The likelihood of Pakistan to exit FATF grey list

The likelihood of Pakistan to exit FATF grey list

Financial Action Task Force (FATF) decided to retain Pakistan on the “Grey List” because it not only failed to make progress on last action point of Combatting Financing of Terrorism (CFT) action plan but also still making steady progress in its new action plan on Money Laundering (ML) by complying four out of the seven action items. Marcus Pleyer (FATF President) clarified that the FATF has prepared two concurrent action plans with 34 action points, comprising of FATF and APG (Asia Pacific Group on Money Laundering) recommended actions. Pakistan successfully managed to address 30 of these recommended action points. It has made significant progress in complying with action points, in pursuant to a new action plan that focuses on combating ML related to Strategic deficiencies identified in APG Mutual Evaluation Report.

FATF press release on Progress made by Pakistan on its action points acknowledged Government of Pakistan efforts. The salient of FATF press release are “Since June 2021, Pakistan has taken swift steps towards improving its AML/CFT regime. It enacted legislative amendments to enhance its international cooperation framework; demonstrated Designated Non-Financial Businesses and Professions (DNFBP) monitoring for Proliferation Financing (PF) Targeted Financial Sanctions (TFS) and DNFBP supervision commensurate with the risks; and applied sanctions for non-compliance with beneficial ownership requirements. It should continue to address other strategically important AML/CFT deficiencies by providing evidence that it actively seeks to enhance the impact of sanctions beyond its jurisdiction; by nominating additional individuals and entities for designation at the UN; and by demonstrating an increase in ML investigations and prosecutions and that proceeds of crime continue to be restrained and confiscated in line with Pakistan’s risk profile, including working with foreign counterparts to trace, freeze, and confiscate assets”.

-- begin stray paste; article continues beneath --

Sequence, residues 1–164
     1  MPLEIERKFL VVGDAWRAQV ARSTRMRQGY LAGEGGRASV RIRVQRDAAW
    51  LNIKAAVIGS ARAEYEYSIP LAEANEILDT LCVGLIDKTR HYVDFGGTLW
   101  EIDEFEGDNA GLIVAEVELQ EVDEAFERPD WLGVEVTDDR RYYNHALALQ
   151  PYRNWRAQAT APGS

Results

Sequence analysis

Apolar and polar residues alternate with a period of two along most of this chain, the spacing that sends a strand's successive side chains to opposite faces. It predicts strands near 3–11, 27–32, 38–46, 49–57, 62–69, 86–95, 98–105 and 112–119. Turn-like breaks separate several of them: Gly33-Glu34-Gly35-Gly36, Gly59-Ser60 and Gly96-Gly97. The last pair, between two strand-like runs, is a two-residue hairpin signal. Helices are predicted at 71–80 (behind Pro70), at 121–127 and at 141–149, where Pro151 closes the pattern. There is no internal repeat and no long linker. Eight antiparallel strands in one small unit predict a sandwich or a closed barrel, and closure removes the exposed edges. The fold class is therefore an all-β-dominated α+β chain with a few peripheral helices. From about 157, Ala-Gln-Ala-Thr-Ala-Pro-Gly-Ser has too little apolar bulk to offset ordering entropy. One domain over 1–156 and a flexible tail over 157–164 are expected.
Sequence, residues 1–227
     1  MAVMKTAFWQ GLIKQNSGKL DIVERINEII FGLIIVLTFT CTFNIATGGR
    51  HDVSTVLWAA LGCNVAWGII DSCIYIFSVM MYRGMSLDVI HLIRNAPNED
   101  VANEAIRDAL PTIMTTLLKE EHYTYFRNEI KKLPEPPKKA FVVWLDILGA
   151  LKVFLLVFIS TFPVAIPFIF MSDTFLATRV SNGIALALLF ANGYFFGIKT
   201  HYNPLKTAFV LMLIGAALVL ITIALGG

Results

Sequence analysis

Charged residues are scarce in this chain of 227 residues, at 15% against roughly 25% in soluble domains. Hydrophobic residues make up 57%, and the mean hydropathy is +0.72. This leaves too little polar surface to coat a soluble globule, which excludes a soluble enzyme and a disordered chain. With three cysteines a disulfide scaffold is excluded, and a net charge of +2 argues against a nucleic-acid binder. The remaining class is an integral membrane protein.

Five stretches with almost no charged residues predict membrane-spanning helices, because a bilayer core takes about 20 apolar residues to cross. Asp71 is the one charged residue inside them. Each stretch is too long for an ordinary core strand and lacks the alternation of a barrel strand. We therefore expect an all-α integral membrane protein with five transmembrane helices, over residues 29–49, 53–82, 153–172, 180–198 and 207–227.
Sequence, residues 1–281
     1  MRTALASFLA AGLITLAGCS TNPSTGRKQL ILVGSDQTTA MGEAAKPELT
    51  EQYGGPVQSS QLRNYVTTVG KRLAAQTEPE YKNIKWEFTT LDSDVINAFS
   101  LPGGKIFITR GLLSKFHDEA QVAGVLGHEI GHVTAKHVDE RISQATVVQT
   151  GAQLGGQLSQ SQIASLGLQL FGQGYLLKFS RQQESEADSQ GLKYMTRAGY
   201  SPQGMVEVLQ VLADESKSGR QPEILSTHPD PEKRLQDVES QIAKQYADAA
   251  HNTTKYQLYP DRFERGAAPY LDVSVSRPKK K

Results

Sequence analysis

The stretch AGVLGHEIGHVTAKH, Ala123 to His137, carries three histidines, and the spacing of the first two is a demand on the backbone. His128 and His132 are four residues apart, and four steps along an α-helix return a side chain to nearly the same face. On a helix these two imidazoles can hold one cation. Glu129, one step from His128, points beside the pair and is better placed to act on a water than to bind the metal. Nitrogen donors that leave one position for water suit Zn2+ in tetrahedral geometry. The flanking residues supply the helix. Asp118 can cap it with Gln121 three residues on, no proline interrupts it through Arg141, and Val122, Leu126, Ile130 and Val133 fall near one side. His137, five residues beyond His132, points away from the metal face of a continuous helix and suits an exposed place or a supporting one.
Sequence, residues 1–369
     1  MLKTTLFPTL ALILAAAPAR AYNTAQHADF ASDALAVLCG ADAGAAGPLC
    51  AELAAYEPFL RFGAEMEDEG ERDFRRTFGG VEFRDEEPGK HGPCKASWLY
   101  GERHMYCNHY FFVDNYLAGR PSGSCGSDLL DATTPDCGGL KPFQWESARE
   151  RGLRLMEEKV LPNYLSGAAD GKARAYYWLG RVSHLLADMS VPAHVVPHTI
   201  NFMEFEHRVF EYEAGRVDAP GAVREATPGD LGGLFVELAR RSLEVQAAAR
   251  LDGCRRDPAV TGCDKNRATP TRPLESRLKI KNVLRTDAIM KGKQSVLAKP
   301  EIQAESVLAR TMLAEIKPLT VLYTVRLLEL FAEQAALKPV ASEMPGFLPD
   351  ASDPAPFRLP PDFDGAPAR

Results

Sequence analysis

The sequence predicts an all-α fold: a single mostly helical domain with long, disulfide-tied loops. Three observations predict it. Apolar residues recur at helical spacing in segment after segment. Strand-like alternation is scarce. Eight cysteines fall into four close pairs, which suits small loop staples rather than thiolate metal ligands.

Pakistan tends to complete action points of both ML and TF action plans by next year, 2022, along with strict onsite inspections by APG and FATF. With proper compliance, it is likely that the country will be delisted from the grey list by 2023. If Pakistan fails to qualify the on-site inspection of both action plans, then its Action Plan will be rendered incomplete and it may get prolonged. The challenging areas will be related to DNFBPs, Law Enforcement agencies (LEAs) investigations and prosecutions capacity building. Pakistan failed to revamp the government structure- it has still not inducted experts in the LEAs because it continues to follow the orthodox notion that bureaucrats can handle all professions. This may prove major flaw during the on-site inspection by FATF inspectors who are experts in their fields. Pakistan must establish a new setup of DNFBPs regulators instead of continuing with an ad-hoc setup of nominating different government departments as regulators. These professional regulators must be hired on attractive salary packages for the formulation and implementation of regulations in respective DNFBPs sectors.

As per the Think Tank TABADLAB, working paper, Pakistan has suffered cumulative real GDP losses of approximately USD 38 billion in initial two years after its placement in the FATF grey list. There are few examples of courts awarding punishment on the charges of ML/ TF in Pakistan, and it is one of the reasons why it is still ranking low at Corruption Perception Index (CPI). Corruption amongst LEAs has not been curbed and Pakistan ranked 124th in CPI index. On a scale of 0-100 (0 being ‘Highly Corrupt’ and 100 being ‘Very Clean’), Pakistan’s corruption score stands at 31 — a point lower than last year’s 32 — indicating that corruption in the public sector exacerbated. Hence, it is in the national interest of Pakistan to strictly implement the AML/ CFT/ CPF laws and regulations, to prove to the international community that it is a responsible state, willing to make international financial system safer.

Policy makers in the country must devise a multi-pronged strategy to get delisted from the Grey List as early as possible. Delisting is dependent on the completion of all action points and dedicated diplomatic efforts as Economic Sanctions are an extension of Foreign Policies and FATF was formed by world’s most powerful economies represented by G-8 countries. US influence on FATF should not be underestimated. Thus, FATF action points may become more political in the time to come.  Hence, a senior-level committee comprising of all important stake holders (experts, senior bureaucracy and Diplomats) should be constituted for the preparation & formulation of a comprehensive strategy to get through FATF’s on-site inspection.